Dr. Justin Marchegiani: Absolutely. So, couple of things if you look at Thanksgiving, it can totally be Paleo, right? We have like basically the centerpiece in the Thanksgiving Day meal is the turkey, right? Awesome. Especially if we can go after the darker meat. That’s gonna be excellent. Good fats, right? Try to buy an organic or at least a Pasteur-fed turkey. It costs a little bit more but the nutrients are to be much higher, right? So you get good fats and proteins there. That’s the kind of a starting point. And then after that, you control your sides. So most people want mashed potatoes and maybe squash which you know, I’m okay doing a little bit more starch in the holidays. I’m okay with that.  It’s better than doing, let’s say a grain-based stuffing, that’s number one. Number two, we try to substitute for the things that we typically have grains. What’s gonna have grains? Well, typically, your gravy is gonna be thickened with flour so we do a gravy that’s gonna be a carrot and celery based and we thicken it with coconut flour if we do it. And we use the actual uhm— turkey stock from the actual turkeys. That’s a huge way to get to the stuffing, I mean the gravy going. And then the stuffing there’s typically some good stuffing recipes out there where we do a celery and carrot-based stuffing and it’s totally grain-free and it taste phenomenal. So, off the bat, you can have your starches. I’m okay with that. Number two, you have the gravy. Because the gravy kinda goes on everything. So if your gravy isn’t too good, you can really mess everything up coz you just basically coating everything with thickened uh—turkey giblets and flour. And then uhm—then after that, you have I mentioned your starches and then after that you can do cranberry sauce, really, you know, super Paleo. You can do like, I’ll do green beans and I’ll cut up some bacon, I’ll layer that on there, too. Uhm—those are kinda my big things off the bat and of course, a really good turkey. We’re gonna smoke our turkey this year. We typically use our smoker this time of the year. Any other thoughts, Evan, off the bat for your? Just with the Thanksgiving Day meal?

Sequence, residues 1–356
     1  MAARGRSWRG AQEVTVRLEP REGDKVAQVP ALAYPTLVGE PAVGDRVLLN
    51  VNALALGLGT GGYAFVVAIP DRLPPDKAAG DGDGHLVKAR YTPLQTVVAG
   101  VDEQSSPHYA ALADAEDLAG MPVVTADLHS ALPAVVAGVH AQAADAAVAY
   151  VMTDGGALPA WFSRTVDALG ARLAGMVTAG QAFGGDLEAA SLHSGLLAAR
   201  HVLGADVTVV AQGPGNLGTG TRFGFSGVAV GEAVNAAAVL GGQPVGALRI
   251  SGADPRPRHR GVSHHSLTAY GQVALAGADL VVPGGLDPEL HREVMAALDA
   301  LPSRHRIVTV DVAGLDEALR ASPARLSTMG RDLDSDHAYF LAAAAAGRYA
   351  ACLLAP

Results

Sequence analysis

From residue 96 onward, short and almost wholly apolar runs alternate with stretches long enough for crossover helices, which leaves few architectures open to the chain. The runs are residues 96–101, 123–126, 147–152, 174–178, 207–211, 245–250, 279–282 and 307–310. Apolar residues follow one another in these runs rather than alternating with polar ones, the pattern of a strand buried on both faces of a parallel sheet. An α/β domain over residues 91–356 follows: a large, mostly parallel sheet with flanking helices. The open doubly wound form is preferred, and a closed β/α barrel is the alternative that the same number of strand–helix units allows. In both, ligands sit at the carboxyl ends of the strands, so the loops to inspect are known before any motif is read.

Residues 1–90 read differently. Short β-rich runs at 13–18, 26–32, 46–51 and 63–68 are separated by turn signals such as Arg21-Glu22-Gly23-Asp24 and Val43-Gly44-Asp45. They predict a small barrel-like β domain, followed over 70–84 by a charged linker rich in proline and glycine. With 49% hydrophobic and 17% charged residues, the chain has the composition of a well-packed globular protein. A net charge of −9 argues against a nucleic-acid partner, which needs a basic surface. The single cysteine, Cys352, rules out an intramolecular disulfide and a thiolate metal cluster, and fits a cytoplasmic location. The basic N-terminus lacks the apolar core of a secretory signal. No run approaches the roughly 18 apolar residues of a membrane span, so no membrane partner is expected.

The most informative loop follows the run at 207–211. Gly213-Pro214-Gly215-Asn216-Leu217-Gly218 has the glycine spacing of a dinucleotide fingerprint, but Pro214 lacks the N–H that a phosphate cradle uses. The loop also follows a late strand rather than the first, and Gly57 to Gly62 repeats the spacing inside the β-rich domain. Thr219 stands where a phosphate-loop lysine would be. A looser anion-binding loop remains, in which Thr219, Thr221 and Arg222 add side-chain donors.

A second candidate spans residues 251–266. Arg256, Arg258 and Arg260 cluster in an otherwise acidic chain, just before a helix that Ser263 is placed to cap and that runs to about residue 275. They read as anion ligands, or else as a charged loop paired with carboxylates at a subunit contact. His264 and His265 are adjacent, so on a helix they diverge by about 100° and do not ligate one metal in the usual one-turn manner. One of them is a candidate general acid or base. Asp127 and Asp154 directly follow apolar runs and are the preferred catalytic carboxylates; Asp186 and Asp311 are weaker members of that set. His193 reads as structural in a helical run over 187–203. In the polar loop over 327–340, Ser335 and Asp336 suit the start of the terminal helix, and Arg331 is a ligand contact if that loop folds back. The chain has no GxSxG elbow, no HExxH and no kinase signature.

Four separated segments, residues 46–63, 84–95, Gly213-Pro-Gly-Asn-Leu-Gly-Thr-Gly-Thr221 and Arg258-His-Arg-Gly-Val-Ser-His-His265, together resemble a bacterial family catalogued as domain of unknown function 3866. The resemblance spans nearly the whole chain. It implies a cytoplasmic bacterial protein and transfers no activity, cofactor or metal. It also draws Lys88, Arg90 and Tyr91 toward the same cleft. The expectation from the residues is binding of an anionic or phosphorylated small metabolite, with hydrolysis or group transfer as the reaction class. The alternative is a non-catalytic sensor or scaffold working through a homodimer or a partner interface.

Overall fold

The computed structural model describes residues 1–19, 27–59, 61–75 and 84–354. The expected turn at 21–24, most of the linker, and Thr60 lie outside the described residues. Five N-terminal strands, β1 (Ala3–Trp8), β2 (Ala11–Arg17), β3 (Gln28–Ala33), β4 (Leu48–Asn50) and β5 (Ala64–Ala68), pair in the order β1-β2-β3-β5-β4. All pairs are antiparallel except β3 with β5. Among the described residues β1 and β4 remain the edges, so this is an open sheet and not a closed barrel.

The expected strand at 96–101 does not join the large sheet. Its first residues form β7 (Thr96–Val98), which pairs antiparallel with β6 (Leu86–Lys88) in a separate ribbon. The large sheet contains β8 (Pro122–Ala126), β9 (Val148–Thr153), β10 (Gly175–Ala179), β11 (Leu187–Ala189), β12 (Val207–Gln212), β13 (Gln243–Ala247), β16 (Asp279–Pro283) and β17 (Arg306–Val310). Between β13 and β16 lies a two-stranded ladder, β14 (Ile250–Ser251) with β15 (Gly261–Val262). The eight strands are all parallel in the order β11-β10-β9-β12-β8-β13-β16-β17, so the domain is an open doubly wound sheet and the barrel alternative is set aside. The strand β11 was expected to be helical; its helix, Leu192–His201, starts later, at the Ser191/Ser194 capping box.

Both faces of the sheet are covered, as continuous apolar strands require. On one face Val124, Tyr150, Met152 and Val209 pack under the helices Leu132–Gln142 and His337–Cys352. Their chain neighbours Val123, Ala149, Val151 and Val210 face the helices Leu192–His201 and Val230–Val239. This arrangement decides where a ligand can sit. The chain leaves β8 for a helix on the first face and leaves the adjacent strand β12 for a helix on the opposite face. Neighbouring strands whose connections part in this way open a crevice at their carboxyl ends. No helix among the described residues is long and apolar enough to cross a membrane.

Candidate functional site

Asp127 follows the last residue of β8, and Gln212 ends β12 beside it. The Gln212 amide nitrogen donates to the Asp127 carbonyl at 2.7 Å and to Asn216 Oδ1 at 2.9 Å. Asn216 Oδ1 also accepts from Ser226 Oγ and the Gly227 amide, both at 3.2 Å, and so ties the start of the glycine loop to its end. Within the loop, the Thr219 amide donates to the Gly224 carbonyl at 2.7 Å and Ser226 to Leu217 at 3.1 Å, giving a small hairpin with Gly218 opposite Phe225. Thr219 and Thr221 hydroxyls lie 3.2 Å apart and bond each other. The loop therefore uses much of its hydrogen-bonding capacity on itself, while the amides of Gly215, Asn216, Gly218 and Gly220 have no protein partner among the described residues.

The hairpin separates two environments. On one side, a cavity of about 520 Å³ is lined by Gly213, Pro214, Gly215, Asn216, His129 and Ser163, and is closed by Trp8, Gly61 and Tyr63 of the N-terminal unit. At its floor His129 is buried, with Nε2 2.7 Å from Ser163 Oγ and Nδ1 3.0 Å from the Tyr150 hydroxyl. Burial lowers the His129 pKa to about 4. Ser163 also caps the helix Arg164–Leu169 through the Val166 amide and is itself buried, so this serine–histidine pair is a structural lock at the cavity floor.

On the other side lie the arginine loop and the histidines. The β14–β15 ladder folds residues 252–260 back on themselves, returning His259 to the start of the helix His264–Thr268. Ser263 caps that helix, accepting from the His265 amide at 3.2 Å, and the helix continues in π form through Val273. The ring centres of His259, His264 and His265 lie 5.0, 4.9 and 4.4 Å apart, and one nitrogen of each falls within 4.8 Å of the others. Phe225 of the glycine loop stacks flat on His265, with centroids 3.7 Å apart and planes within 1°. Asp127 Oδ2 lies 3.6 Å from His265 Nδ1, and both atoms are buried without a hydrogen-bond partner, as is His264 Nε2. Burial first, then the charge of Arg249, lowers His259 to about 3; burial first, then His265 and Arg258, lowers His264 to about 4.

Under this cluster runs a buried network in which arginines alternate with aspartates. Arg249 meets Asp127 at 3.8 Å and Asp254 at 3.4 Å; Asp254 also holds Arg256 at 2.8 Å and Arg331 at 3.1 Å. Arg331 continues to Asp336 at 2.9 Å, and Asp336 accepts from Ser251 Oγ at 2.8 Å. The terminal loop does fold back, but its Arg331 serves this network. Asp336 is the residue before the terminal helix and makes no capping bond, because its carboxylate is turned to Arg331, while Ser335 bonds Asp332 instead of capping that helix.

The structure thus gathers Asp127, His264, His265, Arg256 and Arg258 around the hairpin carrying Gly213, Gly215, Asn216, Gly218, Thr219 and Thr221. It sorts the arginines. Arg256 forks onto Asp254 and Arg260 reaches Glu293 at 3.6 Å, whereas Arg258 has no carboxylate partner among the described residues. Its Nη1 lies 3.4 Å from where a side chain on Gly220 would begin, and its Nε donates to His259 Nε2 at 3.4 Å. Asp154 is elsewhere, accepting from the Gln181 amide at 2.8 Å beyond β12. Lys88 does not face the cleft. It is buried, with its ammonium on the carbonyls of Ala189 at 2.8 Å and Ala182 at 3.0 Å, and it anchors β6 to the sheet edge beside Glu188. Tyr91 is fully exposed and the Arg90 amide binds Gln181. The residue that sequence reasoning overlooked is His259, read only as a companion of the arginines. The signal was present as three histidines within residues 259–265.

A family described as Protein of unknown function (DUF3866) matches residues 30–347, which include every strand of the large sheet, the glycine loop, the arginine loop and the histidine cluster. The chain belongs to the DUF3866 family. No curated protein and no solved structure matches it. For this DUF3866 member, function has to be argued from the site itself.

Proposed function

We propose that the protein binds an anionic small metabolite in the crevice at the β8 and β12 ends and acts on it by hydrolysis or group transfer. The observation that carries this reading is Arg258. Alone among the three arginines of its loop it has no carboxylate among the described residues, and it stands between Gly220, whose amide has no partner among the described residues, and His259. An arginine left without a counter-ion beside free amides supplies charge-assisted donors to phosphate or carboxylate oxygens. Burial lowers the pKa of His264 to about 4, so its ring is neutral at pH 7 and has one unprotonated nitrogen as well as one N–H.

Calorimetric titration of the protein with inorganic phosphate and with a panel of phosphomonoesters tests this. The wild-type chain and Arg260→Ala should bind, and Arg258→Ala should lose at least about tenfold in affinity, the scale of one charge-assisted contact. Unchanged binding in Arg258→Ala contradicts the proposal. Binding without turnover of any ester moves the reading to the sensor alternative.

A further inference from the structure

Evan Brand: Well, my thoughts are you got me hungry but besides that—<laughs>